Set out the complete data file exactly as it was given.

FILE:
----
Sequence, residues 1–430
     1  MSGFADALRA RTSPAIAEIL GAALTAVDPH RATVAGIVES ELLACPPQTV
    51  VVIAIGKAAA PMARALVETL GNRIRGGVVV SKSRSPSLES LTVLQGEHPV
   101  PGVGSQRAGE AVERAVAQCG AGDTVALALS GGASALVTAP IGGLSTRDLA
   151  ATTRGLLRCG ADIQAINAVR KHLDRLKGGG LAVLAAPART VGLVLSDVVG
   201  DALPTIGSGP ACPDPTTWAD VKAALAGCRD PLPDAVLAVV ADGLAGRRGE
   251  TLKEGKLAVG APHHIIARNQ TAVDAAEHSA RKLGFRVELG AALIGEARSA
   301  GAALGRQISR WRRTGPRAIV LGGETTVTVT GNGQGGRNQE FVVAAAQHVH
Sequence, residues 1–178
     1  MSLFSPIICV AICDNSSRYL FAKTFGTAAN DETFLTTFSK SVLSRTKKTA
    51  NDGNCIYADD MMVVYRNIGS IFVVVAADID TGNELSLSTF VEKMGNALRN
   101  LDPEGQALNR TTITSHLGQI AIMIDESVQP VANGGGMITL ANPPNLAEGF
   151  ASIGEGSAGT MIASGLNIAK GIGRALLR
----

Sequence, residues 1–430
     1  MSGFADALRA RTSPAIAEIL GAALTAVDPH RATVAGIVES ELLACPPQTV
    51  VVIAIGKAAA PMARALVETL GNRIRGGVVV SKSRSPSLES LTVLQGEHPV
   101  PGVGSQRAGE AVERAVAQCG AGDTVALALS GGASALVTAP IGGLSTRDLA
   151  ATTRGLLRCG ADIQAINAVR KHLDRLKGGG LAVLAAPART VGLVLSDVVG
   201  DALPTIGSGP ACPDPTTWAD VKAALAGCRD PLPDAVLAVV ADGLAGRRGE
   251  TLKEGKLAVG APHHIIARNQ TAVDAAEHSA RKLGFRVELG AALIGEARSA
   301  GAALGRQISR WRRTGPRAIV LGGETTVTVT GNGQGGRNQE FVVAAAQHVH
Sequence, residues 1–178
     1  MSLFSPIICV AICDNSSRYL FAKTFGTAAN DETFLTTFSK SVLSRTKKTA
    51  NDGNCIYADD MMVVYRNIGS IFVVVAADID TGNELSLSTF VEKMGNALRN
   101  LDPEGQALNR TTITSHLGQI AIMIDESVQP VANGGGMITL ANPPNLAEGF
   151  ASIGEGSAGT MIASGLNIAK GIGRALLR